While Independent Jason Howell and Independent Green candidate Janet Murphy focused on changing the current state of affairs by overcoming partisan battles, Republican Patrick Murray largely set his sights on taking jabs at incumbent Jim Moran (D).
Murray said one topic he actually agrees with President Obama on is disgust over certain members of Congress using privileged information to benefit on Wall Street deals. He aimed his insider trading frustrations directly at Moran.
“You know, Jim’s done pretty well. He’s a pretty wealthy guy now. I’m sure that insider trading had something to do with it,” said Murray.
Moran denied any illegal involvement with such deals and downplayed his alleged wealth.
“I was never at this meeting where supposedly insider information was disclosed,” said Moran. “I have zero assets, I live in an apartment in Arlington with my son, and the financial disclosures will show you my asset value of zero.”
Regarding a question to candidates about the situation in the Middle East and strained relations with Israel, Moran said he supports the recent Syria uprising. He doesn’t, however, support sending American troops to assist with the situation.
“We have one solid, strong, democratic ally in the Middle East and that is Israel,” Murray said. “I have a great concern with where we are with our relations with Israel. If I’m your congressman, I will always support Israel 100 percent.”
Murphy was most adamant about not increasing support to Israel.
“I think we’re doing way too much for that ally,” she said. “I think they’re off base in Palestine entirely. I think we’ve had way too much of re-organizing the entire Middle East to their purpose.”
Howell suggested the U.S. foster other relationships in the Middle East, such as with Turkey and Saudi Arabia.
“With all the friends that we have in the Middle East, and all the challenges that there are in the Middle East, we should find better ways and nuanced ways, innovative ways to lean on those partners,” said Howell.
Turning to domestic issues, the candidates discussed the validity of more investments in clean energy. Moran stated his belief that America relies too heavily on fossil fuels, and pushed for more funding in areas like solar and wind energies.
“The fact is that this world is warming, that the climate is changing,” Moran said. “We will all pay the price, but not as steep a price as our children and grandchildren, if we don’t do something today.”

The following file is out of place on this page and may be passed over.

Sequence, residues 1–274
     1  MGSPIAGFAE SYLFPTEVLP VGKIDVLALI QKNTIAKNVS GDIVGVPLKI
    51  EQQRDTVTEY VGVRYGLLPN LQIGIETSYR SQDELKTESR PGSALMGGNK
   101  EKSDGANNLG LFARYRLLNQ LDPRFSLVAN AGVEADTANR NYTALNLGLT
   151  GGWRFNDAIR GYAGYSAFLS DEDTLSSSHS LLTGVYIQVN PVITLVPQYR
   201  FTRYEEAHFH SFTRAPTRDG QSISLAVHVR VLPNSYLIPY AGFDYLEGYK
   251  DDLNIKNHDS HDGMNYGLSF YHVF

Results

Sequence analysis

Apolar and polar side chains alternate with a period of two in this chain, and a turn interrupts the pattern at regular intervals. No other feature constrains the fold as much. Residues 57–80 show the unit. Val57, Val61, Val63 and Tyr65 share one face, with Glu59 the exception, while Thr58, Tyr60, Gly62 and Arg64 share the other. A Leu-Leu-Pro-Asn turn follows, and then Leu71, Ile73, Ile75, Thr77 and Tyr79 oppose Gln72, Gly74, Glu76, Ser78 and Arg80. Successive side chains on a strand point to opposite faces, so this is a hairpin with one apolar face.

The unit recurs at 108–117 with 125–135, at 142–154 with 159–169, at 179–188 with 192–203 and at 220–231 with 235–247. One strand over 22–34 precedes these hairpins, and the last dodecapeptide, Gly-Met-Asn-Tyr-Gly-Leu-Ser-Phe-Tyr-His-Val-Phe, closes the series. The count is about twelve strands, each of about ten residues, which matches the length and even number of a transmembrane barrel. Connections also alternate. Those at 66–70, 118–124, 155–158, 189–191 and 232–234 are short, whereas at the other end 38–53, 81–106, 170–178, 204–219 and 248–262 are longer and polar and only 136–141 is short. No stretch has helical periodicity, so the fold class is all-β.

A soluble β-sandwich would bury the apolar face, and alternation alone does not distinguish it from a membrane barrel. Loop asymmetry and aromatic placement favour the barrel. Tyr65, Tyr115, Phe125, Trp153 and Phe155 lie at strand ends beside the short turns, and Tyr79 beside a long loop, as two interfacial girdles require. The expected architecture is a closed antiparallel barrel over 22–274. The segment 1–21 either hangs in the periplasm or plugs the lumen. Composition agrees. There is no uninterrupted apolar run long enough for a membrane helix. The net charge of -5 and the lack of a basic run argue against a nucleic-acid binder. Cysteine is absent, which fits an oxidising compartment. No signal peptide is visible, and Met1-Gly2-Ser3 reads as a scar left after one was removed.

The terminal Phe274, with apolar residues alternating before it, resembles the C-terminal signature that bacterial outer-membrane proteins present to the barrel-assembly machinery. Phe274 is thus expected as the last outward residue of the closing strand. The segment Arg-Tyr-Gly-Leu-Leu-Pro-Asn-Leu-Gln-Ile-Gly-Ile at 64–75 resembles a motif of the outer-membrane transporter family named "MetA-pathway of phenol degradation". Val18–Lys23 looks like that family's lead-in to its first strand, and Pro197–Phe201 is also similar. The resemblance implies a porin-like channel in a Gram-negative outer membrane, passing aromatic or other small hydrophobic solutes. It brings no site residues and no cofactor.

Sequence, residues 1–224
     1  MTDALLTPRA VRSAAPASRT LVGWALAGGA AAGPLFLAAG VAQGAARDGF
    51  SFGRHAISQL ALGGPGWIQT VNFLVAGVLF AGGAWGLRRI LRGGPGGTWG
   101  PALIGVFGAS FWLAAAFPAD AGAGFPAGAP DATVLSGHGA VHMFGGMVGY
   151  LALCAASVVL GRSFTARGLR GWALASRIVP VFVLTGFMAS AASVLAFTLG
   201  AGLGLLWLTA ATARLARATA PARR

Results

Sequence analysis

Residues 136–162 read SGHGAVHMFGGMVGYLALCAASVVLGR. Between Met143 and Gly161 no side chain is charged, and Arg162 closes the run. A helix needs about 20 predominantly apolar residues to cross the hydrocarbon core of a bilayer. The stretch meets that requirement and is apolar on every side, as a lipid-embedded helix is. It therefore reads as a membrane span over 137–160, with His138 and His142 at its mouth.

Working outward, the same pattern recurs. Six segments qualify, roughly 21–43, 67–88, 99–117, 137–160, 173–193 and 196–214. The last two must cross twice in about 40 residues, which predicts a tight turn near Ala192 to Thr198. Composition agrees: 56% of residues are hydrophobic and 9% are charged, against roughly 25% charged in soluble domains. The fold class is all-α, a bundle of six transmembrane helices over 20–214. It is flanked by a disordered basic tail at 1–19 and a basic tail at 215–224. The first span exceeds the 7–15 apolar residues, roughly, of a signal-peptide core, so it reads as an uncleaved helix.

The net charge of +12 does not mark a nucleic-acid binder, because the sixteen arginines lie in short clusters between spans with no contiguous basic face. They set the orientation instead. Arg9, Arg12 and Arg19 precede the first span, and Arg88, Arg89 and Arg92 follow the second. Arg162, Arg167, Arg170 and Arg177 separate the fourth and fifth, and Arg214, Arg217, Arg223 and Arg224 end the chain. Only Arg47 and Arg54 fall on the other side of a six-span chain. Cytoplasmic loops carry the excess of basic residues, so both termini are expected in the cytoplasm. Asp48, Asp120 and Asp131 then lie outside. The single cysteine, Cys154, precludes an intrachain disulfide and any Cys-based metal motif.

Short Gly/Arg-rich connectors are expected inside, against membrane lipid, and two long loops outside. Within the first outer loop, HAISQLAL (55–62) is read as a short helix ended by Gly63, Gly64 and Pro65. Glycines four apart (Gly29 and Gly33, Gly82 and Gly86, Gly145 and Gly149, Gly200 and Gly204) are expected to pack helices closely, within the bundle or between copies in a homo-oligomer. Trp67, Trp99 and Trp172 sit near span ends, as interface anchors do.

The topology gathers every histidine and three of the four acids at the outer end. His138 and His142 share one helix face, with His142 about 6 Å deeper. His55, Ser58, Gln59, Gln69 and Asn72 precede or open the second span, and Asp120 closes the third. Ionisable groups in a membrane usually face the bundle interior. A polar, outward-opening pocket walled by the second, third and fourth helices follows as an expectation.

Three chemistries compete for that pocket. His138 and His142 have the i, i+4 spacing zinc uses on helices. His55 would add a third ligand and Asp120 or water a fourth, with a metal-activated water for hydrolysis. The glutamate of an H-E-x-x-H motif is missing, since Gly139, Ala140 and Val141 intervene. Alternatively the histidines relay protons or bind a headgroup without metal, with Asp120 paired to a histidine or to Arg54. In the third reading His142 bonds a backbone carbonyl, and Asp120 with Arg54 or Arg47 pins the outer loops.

Moran stated that the collapse of Solyndra was an inexcusable, unfortunate incident, but it’s the exception and not the rule. He therefore advocates investing in other clean energy companies.
Also referring to Solyndra, Howell said the government isn’t always proficient at choosing companies to invest in, so he instead advocates “investing in ideas” rather than targeting specific companies to receive funding.
Murphy said America is “late to the game” in promoting clean energy, and she would like to see fossil fuel use end altogether. She would like to impose a 25 cent transaction tax on each Wall Street transaction, which would be set aside for green energy jobs.
Murray said he’s for green initiatives, if they’re functions of the free market. He also favors building the Keystone Pipeline.
“That is 200,000 jobs. And not only that, it is 50 percent of our reliance on OPEC oil right there,” Murray said. “It is the biggest no-brainer we have.”
One debate attendee brought up Americans’ dissatisfaction with Congress, as reflected in the downward trend of its approval rating. The person asked why any incumbents should be re-elected at all.
“Why should you re-elect any of them? You shouldn’t,” said Murphy. “We need to just snap out of it and stop getting dragged around by whatever subliminal messages we’re being told to respond to in these advertisements.”
Murray concurred, claiming current members of Congress are quick to point fingers at others for partisanship, but shirk their own responsibilities. Murray then took another jab at Moran, which garnered some gasps and boos.
“We have a situation now where 144,000 people in Virginia are going to start losing their jobs. It’s all defense spending,” Murray said. “Who sits on the Defense Appropriations Committee? Who’s the Congressman of this district? Who’s been spending money like a crack addict for 22 years?”
For the most part, Moran avoided slinging accusations and attempted to turn attention to what he’s achieved during his time in Congress. He mentioned working in a bipartisan manner to fund projects over the years, such as Metro’s expansion in Arlington.